In 2001, the owners of FanPro set up a sister company, Fantasy Productions LLC (also often referred to as FanPro US), in Chicago, although most of its employees worked remotely. FanPro US initially licensed the rights to produce English-language Shadowrun books in early 2001 from WizKids, who had obtained the licensing rights from FASA, and by the summer of 2001 FanPro LLC had also signed an agreement to publish what was now known as the Classic BattleTech product line in English. The staff of authors that went to work for FanPro was largely identical to the people who had previously worked for FASA, so the transition was seamless.
Because WizKids' own new BattleTech game, MechWarrior: Dark Age, was set some seven decades in the future from where the classic BattleTech had been left off, FanPro was not allowed to continue the timeline beyond the year 3067, giving WizKids the opportunity to shape the Jihad era between 3067 and the new game's Dark Age era however they wanted to serve as a background for their MechWarrior: Dark Age game.
From 2001 to 2005, FanPro US released over a dozen original Shadowrun titles and reprinted core titles that FASA had originally released. They continued to release new Classic BattleTech books in English, and in 2006 released Total Warfare, the first in a series of revised full-color books for Classic BattleTech. FanPro Germany continued to translate these books and publish them in Germany, along with German-only Shadowrun books. Conversely, FanPro US published The Dark Eye, a translated English edition of Das Schwarze Auge.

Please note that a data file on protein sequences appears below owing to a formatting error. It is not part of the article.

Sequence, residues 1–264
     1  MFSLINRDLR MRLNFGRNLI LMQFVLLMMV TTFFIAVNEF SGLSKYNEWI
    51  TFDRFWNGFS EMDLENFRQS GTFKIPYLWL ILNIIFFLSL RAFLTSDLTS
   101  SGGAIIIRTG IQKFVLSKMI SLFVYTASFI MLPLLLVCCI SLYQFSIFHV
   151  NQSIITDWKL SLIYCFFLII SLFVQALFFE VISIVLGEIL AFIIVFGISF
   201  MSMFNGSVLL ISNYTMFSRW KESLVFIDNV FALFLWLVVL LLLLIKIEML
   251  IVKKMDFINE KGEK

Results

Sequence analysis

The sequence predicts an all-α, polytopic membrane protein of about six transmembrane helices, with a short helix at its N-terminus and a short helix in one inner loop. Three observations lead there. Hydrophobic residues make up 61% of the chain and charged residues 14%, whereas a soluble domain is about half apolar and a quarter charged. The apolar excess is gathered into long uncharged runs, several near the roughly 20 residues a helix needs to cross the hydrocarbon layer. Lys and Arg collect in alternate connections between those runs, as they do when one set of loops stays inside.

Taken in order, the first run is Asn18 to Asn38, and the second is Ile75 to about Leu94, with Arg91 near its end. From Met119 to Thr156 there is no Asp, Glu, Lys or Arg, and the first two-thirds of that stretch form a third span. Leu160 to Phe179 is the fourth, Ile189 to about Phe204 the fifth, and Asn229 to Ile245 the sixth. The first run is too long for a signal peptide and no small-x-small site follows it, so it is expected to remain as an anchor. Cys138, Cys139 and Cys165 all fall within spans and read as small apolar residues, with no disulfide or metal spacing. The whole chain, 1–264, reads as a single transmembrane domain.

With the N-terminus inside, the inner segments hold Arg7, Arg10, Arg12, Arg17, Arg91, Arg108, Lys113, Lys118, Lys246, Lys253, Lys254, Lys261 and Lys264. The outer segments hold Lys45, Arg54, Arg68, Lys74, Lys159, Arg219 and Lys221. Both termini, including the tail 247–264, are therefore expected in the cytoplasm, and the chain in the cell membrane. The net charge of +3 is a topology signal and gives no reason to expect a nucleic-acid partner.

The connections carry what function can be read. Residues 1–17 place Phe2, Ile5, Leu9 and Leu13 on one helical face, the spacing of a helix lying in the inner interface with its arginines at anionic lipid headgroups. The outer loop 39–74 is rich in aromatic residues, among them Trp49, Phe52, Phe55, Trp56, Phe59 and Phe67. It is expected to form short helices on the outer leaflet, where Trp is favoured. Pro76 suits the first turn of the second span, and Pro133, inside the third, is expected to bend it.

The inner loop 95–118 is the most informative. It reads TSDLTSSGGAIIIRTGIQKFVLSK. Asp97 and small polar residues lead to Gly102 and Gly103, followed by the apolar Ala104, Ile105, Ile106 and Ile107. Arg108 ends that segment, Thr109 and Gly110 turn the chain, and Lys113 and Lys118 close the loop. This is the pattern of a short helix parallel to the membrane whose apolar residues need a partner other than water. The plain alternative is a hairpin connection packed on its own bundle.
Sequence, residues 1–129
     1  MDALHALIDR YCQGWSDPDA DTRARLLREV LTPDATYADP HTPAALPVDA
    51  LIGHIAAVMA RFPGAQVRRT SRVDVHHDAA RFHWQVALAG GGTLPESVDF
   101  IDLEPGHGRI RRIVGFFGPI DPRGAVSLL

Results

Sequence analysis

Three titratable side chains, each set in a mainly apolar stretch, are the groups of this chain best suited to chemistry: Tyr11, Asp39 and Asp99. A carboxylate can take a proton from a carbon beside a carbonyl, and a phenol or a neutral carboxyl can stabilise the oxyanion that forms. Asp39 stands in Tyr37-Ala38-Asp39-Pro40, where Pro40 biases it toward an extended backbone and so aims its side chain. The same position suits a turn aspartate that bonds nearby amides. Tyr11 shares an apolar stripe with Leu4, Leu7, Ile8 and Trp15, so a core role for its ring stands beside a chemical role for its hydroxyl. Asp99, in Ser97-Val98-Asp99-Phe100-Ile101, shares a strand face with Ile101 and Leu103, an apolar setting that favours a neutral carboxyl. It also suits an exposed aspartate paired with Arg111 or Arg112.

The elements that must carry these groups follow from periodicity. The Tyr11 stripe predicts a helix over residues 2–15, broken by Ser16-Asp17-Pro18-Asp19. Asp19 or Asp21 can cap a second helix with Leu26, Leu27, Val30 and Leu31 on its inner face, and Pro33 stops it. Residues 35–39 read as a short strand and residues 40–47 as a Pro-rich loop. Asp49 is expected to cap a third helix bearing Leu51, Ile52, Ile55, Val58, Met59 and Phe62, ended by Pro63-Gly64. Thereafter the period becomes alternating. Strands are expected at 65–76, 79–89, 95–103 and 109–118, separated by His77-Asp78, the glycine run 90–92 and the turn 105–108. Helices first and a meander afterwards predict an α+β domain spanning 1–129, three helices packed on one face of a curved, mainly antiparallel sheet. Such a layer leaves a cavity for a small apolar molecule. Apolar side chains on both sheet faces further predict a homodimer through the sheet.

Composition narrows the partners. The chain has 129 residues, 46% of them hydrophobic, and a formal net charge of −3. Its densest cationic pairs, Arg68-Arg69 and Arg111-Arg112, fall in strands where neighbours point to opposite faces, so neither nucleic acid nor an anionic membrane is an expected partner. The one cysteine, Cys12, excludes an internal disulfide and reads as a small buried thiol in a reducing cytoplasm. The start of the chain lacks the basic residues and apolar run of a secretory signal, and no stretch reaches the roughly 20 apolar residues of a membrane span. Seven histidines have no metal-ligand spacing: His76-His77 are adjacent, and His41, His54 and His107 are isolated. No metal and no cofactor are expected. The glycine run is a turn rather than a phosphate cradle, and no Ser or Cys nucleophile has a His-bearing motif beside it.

All English material published by FanPro (US) also bears the WizKids logo and is copyrighted to WizKids (instead of FanPro).
FanPro LLC allegedly lost a significant amount of money when their distributor Fast Forward Entertainment (FFE), through whom all their income was funneled, collapsed. FFE is said to have grown too rapidly and hired employees with FanPro's money while creating what was described as an "accounting mess" through poor bookkeeping that made it impossible to find out just how much of FanPro's money they had actually spent. This, combined with business decisions by the FanPro owners that benefitted FanPro Germany to the detriment of FanPro US, spelled doom for FanPro US.
The FanPro US staff made an attempt to buy the company out, but the owners refused. Subsequently, the staff all quit and then went to work for Catalyst Game Labs who had acquired the licenses. Catalyst even operates from the same business adress that FanPro LLC had previously had.
- German FanPro website (now used by FanPro GbR)